In some ways this has been an advantage, in some ways a disadvantage. On the one hand, the target audience of the collection is not quite clear - for all these years, all the fans of the series and those who simply want have long passed even the third part, released in 2019. On the other hand, it allowed the realization of a very good port on Switch, which will surely please those who wanted to revisit Pandora and its satellite - which is quite possible, given the good replayability, a large number of different style of play Vault Seekers and support for co-op. Or visit them for the first time, if you haven't already.

That's why there's practically no sense to tell here the features of the story and setting - they've been common knowledge for a long time and haven't changed a bit. There was no new content specially for Switch either, but it was expected. In my opinion, the main thing about this port is its portability. Hardly anyone will seriously buy the Switch version of Borderlands in 2020 to play in dock mode (though who knows...). And being able to relive the adventures of the Seekers on a device you can hold in your hands is great.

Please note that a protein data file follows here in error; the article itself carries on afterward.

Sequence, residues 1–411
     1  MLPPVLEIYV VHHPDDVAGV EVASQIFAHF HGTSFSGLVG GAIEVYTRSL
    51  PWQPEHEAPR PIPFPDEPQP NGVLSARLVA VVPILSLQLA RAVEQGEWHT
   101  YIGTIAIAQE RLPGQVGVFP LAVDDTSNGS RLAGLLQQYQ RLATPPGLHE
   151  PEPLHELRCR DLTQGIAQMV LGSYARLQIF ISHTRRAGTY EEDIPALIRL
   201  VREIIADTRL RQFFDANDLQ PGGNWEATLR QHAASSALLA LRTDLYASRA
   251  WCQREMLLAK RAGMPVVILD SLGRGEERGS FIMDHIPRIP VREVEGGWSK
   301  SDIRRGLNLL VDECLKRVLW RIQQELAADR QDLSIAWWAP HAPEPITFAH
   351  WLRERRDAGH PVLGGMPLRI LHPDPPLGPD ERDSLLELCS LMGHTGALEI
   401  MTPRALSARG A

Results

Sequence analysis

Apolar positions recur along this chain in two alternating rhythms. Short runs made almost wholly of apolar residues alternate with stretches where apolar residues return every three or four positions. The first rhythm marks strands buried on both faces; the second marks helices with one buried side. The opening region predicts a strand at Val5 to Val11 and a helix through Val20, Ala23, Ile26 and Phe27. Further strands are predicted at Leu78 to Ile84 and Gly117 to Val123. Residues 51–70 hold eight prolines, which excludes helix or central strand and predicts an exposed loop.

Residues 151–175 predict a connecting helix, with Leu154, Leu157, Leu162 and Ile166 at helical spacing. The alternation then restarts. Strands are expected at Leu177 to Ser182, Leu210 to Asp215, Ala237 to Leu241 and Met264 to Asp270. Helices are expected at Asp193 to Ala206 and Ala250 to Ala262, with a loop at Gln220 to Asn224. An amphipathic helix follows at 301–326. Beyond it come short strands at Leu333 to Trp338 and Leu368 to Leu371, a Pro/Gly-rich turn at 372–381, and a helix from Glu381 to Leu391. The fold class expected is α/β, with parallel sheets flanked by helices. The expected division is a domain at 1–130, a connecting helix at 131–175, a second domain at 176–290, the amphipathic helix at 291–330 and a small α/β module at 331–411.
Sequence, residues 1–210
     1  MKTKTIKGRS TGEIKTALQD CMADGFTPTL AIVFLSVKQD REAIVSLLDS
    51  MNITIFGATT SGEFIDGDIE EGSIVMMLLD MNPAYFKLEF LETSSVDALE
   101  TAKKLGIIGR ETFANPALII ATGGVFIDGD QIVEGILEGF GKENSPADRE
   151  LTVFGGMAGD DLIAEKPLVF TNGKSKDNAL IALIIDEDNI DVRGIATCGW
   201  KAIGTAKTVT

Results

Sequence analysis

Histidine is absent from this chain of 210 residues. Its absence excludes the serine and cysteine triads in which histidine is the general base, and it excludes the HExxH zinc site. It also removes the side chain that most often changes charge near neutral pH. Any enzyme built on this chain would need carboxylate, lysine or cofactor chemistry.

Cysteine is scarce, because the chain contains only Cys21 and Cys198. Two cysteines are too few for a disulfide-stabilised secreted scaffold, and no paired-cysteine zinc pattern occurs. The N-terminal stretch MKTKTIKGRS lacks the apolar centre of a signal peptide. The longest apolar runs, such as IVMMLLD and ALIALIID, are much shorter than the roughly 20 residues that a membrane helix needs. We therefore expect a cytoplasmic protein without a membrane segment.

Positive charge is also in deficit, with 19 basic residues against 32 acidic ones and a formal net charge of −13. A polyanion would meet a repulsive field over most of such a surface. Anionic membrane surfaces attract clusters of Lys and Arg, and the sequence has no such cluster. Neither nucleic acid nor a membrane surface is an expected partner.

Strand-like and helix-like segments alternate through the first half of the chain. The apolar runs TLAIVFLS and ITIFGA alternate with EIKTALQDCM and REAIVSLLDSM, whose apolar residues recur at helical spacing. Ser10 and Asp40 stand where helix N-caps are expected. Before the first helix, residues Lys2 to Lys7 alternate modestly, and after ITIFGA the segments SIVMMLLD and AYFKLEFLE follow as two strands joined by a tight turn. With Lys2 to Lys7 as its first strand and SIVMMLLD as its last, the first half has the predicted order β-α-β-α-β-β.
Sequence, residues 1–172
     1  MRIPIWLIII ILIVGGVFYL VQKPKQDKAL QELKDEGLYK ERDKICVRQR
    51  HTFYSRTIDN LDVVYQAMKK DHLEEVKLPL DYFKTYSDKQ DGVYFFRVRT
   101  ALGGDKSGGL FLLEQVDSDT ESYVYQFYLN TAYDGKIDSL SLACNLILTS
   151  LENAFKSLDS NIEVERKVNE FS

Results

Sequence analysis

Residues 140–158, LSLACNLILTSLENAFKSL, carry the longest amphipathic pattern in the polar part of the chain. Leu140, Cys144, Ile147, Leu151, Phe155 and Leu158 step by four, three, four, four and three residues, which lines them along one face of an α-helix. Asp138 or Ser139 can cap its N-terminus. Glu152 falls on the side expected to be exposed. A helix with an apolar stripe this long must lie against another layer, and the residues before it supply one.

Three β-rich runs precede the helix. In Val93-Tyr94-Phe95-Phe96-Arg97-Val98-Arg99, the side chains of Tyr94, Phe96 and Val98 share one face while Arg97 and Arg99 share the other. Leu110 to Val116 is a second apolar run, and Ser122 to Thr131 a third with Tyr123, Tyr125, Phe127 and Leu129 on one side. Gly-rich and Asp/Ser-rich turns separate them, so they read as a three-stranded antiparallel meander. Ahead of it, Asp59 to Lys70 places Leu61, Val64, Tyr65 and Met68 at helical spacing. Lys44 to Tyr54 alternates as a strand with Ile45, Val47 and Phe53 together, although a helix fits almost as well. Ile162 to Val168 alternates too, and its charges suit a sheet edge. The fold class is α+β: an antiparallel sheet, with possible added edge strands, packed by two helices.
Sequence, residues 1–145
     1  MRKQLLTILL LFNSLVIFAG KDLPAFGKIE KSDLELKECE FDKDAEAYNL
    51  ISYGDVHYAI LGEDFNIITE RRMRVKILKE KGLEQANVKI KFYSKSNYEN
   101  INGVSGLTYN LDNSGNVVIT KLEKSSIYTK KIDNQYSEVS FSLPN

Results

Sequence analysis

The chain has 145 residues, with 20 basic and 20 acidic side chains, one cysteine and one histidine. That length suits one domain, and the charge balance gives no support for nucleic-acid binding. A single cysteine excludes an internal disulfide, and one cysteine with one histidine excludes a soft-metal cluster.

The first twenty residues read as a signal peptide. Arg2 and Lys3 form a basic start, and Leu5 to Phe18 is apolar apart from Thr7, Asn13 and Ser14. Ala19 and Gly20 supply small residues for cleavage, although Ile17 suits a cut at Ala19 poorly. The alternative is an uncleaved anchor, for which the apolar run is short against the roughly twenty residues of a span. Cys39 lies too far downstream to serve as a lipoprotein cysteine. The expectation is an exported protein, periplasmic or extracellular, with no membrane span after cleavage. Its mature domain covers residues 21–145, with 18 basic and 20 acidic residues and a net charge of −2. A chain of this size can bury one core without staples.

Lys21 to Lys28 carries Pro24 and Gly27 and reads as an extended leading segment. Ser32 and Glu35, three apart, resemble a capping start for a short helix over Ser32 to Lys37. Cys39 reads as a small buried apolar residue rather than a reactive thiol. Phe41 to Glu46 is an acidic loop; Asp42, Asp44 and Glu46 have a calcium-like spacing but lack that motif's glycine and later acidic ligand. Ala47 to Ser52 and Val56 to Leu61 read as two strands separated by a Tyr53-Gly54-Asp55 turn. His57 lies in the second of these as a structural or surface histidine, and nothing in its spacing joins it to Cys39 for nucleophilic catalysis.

The quality of the port is very high indeed. Even such a sore spot for many games as fonts are done here, if not perfectly, then very well - at least, you don't have to break your eyes to read everything you need on the console screen. This is true for all three games of the collection - in general, often characteristic for such collections the impression of "playing as one game" is absent here, but a certain integrity is observed.

Progress is also visible - from the first part to Pre-Sequel (in order of release) the graphics become better, clearer and more beautiful. Sel-shading helps a lot - the deliberately bright and "cartoonish" picture doesn't look "soapy" at all, for which Nintendo's console is often scolded by detractors.